A famous phrase associated with the Rangers is One Riot, One Ranger. It is somewhat Roy Bean of Langtry, Texas.[28] According to the story, McDonald's train was met by the mayor, who asked the single Ranger where the other lawmen were. McDonald is said to have replied: "Hell! Ain't I enough? There's only one prize-fight!"

Texas Rangers gathered at El Paso to stop the illegal Maher–Fitzsimmons fight, 1896. At the front row from the left are Adj. General W Mabry, and Capts. J Hughes, J Brooks, Bill McDonald (coiner of the phrase) and J Rogers.

"One Riot, One Ranger"

[27] American historian Andrew Graybill has argued that the Texas Rangers resemble the

Despite the age of the agency, and the many contributions they have made to law enforcement over their entire history, Texas Rangers developed most of their reputation during the days of the Old West. Of the 79 Rangers killed in the line of duty, thirty were killed during the Old West period of 1858 through 1901. Also during this period, two of their three most high-profile captures or killings took place, the capture of John Wesley Hardin and the killing of Sam Bass, in addition to the capture of Texas gunman Billy Thompson and others.[26]

As it happened with many Old West myths like Billy the Kid or Wyatt Earp, the Rangers' legendary aura was in part a result of the work of sensationalistic writers and the contemporary press, who glorified and embellished their deeds in an idealized manner. While some Rangers could be considered criminals wearing badges by a modern observer, many documented tales of bravery and selflessness are also intertwined in the group's history.[25]

A large proportion ... were unmarried. A few of them drank intoxicating liquors. Still, it was a company of sober and brave men. They knew their duty and they did it. While in a town they made no braggadocio demonstration. They did not gallop through the streets, shoot, and yell. They had a specie of moral discipline which developed moral courage. They did right because it was right.[24]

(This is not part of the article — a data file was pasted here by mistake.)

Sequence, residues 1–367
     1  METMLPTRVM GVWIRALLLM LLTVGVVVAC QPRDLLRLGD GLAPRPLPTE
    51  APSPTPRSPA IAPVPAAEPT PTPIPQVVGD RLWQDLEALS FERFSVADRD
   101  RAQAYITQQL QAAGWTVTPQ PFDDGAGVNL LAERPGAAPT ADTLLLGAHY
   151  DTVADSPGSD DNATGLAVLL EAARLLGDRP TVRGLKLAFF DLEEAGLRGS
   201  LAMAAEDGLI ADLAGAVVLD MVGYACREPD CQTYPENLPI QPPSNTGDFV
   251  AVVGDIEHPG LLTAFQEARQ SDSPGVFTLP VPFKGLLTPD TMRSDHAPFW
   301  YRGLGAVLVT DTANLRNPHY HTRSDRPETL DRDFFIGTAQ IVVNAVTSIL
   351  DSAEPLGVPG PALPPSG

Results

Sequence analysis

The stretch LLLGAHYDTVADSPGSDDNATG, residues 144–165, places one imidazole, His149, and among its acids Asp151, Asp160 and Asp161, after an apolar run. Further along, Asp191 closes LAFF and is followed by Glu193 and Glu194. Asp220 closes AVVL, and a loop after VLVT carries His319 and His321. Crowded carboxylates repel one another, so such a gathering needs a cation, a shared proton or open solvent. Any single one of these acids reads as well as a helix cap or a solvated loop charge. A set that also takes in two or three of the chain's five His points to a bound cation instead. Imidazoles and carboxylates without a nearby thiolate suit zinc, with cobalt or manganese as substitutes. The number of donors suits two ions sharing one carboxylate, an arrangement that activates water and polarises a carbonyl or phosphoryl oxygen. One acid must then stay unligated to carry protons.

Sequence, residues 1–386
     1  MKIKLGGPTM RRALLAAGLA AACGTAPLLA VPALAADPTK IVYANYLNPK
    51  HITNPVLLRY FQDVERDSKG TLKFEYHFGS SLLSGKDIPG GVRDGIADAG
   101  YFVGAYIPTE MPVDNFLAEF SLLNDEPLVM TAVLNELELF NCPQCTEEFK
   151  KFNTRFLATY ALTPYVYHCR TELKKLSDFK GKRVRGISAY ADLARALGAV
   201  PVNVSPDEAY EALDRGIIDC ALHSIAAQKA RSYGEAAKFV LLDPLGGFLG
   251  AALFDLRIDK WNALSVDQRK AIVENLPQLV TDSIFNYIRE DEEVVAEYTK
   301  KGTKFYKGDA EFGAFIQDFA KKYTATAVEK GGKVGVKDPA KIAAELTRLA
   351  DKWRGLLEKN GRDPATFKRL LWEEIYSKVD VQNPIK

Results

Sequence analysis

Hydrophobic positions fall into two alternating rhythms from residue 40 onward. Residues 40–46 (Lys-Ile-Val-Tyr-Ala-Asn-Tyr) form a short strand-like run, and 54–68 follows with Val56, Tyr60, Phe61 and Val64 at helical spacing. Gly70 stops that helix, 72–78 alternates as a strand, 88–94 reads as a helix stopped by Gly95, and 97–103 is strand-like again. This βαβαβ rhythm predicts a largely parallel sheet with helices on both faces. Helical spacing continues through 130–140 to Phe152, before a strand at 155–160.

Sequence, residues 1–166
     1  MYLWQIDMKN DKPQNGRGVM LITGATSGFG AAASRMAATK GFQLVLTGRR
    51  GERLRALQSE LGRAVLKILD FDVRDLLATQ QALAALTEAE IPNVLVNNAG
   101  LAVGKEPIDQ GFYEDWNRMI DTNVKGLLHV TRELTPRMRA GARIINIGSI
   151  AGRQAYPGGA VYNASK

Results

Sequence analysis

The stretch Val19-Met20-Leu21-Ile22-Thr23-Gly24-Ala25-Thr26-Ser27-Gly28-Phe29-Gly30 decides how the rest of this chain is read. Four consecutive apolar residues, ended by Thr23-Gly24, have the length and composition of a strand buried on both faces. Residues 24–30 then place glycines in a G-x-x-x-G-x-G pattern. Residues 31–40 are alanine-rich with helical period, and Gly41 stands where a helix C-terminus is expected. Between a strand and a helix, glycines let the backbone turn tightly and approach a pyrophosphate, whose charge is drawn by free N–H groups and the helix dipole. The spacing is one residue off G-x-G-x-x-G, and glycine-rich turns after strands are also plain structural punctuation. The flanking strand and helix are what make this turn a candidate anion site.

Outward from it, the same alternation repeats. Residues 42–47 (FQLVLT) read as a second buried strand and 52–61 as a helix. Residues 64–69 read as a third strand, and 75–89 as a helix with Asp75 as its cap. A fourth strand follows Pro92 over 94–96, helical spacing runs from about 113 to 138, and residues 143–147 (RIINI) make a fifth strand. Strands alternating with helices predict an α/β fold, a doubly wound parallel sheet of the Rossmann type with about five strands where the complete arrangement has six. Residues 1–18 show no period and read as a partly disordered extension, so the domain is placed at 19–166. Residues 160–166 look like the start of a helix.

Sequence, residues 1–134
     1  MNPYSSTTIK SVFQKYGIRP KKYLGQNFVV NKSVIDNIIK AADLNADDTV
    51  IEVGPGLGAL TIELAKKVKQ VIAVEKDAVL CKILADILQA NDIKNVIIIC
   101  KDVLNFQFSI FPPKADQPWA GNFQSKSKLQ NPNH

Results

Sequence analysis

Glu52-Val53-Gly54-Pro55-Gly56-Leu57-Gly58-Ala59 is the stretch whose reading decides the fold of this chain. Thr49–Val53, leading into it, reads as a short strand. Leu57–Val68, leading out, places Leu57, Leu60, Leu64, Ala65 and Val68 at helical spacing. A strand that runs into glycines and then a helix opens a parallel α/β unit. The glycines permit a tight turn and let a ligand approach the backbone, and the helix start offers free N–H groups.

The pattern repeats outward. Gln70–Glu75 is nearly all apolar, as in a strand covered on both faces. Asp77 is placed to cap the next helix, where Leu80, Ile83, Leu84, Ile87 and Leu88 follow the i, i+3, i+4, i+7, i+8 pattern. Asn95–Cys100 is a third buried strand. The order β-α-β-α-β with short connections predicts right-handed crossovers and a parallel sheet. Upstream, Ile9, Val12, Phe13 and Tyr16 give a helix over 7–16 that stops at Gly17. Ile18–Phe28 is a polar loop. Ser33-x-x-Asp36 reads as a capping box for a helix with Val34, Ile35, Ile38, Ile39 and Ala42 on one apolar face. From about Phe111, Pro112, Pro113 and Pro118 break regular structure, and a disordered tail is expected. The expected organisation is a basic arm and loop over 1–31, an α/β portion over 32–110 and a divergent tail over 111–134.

From its earliest days, the Rangers were surrounded with the mystique of the Old West. Although popular culture's image of the Rangers is typically one of rough living, tough talk and a quick draw, Ranger Captain John "Rip" Ford described the men who served him thus:

Old West image

[23] The ensuing disorganization of law enforcement in the state caused the Legislature to engage a firm of consultants to reorganize the state security agencies. The consultants recommended merging the Rangers with the

The Ross Sterling in his re-election campaign — but after his opponent Miriam Amanda "Ma" Ferguson won, she proceeded to discharge all serving Rangers in 1933.

The Rangers next saw serious action at the summit of William Howard Taft and President Porfirio Díaz in 1909, preventing an assassination of both presidents, and during the subsequent Mexican Revolution.[19][20] The breakdown of law and order on the Mexican side of the border, coupled with the lack of federal military forces, meant the Rangers were once again called upon to restore and maintain law and order, by any necessary means. However, the situation necessitated the appointment of hundreds of new special Rangers by the state, which neglected to carefully screen aspiring members. The Rangers were responsible for several incidents, ending in the January 13, 1918, massacre of the male population[21](15 Mexican men and boys ranging in age from 16 to 72 years) of the tiny community of Porvenir, Texas, on the Mexican border in western Presidio County. Before the decade was over, thousands of lives were lost, Texans and Mexicans alike. In January 1919, an investigation by the Texas Legislature found that from 300 to 5,000 people, mostly of Hispanic descent, had been killed by Rangers from 1910 to 1919, and that members of the Rangers had been involved in many acts of brutality and injustice.[22] The Rangers were reformed by a resolution of the Legislature in 1919, which saw the special Ranger groups disbanded and a complaints system instituted.